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Unmanned Aerial Vehicle Industry is Taking Off as Regulators Relax the Laws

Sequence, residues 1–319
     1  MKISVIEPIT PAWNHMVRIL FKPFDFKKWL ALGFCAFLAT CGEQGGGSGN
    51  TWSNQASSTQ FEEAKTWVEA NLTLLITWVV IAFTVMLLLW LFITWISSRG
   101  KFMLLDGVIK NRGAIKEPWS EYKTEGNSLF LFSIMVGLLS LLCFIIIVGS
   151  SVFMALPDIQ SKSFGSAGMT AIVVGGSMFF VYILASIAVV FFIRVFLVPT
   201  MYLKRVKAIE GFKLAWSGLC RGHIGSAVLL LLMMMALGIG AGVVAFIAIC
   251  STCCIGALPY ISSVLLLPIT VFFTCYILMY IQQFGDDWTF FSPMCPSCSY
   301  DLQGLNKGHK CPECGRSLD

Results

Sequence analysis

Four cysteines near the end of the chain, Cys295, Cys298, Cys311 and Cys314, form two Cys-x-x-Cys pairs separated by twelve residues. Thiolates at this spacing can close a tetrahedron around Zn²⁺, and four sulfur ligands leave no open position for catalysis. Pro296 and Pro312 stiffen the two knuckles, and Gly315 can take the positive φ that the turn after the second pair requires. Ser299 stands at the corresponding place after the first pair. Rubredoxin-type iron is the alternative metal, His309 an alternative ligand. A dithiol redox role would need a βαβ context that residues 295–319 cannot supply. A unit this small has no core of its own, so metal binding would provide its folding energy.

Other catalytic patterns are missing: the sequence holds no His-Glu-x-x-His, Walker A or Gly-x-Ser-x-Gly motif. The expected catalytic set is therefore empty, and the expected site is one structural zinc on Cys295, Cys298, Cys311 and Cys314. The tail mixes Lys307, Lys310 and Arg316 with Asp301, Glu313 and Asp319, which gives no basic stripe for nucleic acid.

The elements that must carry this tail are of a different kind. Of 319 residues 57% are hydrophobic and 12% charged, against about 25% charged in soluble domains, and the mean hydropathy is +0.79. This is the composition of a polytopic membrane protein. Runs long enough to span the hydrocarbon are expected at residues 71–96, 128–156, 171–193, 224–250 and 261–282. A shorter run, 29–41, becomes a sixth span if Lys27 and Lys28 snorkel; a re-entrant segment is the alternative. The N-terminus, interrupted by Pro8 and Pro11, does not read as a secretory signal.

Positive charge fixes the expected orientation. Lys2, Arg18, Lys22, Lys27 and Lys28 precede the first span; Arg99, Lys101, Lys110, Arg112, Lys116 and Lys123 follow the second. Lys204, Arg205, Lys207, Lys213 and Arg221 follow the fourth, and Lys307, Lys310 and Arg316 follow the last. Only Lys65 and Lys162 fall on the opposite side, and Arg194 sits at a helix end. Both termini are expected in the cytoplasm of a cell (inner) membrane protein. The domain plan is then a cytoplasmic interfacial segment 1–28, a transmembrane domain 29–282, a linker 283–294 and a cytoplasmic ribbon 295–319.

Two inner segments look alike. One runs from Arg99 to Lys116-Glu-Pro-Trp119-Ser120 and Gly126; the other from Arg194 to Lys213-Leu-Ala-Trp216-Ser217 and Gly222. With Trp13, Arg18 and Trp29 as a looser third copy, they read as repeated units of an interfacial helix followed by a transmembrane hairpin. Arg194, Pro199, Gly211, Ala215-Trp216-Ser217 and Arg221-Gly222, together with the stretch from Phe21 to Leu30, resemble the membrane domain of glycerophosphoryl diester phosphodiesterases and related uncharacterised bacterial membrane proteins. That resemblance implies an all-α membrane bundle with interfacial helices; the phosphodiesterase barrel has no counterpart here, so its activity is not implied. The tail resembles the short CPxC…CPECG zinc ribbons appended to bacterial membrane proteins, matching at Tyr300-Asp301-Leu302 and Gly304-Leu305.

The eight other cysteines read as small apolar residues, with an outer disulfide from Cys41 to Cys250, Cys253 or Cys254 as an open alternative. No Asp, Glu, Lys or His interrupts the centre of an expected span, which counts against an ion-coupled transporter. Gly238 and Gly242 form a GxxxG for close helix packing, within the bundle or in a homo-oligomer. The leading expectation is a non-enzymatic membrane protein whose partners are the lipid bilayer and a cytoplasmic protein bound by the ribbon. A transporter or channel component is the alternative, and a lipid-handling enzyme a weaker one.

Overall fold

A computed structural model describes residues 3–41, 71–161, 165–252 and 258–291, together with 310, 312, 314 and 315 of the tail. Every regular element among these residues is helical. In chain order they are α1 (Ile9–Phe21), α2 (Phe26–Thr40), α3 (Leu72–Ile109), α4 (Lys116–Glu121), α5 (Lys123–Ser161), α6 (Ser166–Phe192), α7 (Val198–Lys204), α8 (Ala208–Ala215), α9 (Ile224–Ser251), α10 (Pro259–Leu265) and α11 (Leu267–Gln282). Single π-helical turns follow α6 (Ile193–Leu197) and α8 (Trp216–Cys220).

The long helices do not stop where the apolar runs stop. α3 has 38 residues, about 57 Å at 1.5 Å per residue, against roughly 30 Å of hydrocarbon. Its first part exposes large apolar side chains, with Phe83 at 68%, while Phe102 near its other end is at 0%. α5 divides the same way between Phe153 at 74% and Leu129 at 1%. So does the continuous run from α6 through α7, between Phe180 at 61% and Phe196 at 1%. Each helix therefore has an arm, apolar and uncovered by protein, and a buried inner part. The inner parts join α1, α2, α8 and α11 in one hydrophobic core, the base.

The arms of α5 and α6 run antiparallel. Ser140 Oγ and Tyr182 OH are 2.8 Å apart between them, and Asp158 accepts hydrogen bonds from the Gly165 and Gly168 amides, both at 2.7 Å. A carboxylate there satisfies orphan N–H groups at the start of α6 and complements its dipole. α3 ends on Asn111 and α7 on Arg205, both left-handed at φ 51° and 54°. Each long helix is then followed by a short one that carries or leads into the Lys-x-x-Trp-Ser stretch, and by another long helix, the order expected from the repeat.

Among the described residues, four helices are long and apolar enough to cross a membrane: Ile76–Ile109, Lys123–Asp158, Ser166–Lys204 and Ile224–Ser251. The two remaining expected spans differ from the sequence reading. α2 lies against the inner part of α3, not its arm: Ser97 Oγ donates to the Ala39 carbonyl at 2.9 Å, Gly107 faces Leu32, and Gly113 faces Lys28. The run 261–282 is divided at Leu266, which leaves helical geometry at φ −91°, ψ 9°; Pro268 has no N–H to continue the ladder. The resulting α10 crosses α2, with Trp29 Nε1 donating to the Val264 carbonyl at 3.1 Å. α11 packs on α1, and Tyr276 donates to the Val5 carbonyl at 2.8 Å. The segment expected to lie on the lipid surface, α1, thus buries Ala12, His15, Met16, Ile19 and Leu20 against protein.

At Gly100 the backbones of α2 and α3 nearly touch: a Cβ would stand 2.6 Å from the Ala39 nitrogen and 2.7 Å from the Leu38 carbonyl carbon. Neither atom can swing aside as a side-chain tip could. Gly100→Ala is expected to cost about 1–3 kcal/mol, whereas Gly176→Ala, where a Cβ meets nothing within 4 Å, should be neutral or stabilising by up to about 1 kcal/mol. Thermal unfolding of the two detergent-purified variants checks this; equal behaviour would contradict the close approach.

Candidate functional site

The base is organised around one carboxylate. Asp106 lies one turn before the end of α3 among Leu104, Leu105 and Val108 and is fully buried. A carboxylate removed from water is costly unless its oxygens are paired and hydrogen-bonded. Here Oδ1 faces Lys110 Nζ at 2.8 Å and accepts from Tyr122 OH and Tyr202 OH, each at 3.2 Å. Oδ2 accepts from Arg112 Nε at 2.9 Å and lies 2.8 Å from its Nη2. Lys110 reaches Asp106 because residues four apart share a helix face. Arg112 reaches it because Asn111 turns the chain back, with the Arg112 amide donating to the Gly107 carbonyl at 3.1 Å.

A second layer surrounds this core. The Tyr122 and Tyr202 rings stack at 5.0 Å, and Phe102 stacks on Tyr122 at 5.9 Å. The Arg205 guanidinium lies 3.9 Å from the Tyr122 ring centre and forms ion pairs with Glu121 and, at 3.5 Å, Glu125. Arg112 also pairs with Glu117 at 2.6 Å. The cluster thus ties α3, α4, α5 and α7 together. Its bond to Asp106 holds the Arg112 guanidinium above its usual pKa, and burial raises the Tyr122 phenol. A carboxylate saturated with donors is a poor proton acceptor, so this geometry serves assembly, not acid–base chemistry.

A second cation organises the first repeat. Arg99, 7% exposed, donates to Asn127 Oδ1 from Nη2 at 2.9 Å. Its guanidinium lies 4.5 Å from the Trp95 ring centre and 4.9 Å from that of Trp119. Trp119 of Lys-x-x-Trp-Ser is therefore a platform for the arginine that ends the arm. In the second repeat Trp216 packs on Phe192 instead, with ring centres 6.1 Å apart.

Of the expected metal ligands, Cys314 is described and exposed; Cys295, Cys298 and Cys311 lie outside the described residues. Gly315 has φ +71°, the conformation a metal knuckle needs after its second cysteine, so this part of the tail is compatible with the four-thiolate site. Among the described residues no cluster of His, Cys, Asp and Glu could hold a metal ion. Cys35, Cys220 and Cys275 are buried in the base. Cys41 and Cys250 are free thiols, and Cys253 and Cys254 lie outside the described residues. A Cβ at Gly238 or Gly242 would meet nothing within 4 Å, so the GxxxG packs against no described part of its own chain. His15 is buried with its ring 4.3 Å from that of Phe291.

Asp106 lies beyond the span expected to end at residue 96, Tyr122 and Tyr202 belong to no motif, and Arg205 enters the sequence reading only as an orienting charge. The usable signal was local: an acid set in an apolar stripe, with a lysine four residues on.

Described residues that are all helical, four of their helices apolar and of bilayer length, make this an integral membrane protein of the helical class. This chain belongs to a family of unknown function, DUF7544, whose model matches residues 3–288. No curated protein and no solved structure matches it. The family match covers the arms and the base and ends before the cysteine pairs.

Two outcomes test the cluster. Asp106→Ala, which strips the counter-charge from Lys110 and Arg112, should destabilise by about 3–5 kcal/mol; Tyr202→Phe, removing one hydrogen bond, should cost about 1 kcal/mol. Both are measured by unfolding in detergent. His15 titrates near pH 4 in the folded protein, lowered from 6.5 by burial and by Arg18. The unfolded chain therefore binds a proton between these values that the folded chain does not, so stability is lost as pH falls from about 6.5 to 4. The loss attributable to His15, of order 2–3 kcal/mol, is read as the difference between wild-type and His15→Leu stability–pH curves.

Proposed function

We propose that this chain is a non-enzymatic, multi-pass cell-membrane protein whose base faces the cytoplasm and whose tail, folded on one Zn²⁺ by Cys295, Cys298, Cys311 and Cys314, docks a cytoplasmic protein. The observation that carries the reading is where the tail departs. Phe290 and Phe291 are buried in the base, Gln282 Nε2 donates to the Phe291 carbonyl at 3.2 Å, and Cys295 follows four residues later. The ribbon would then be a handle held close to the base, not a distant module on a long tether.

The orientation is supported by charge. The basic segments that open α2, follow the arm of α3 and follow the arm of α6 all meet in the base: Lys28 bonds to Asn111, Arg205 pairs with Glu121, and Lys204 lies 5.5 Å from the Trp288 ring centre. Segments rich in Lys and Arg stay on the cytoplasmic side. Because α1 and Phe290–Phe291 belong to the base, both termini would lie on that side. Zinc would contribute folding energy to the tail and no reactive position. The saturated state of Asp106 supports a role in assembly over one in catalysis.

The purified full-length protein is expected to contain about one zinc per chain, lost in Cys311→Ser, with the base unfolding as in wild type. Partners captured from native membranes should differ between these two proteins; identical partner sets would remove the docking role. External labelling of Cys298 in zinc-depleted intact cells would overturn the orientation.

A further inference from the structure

Although unmanned aerial vehicles (UAVs) were originally developed for military, the civilian versions emerged over the past decade have created a thriving new industry. Commercial UAVs are widely used for jobs ranging from inspecting power lines, buildings, and crops, to aerial photography, transporting medical supplies and even delivering pizzas. According to a German research firm, the value of this market is expected to exceed $42bn by 2025 from $23bn in 2020. A gradual relaxation of regulations may accelerate this growth. For example, American Robotics became the first operator approved by America’s Federal Aviation Administration to fly automated UAVs at specific sites without any pilots or observers being present in January. Its drones help to survey farmland in rural areas. The company also develops products for buildings and other infrastructures. Similarly in Britain, the Civil Aviation Authority authorised a firm called ‘sees.ai’ to carry out routine flights in April. In China, Antwork Technology received the first licence granted by the Civil Aviation Administration for urban UAV trials in 2019, and their products are used to deliver groceries and blood samples during pandemic. There are more inspiring cases in Europe and America, which brings more exciting potential for the industry.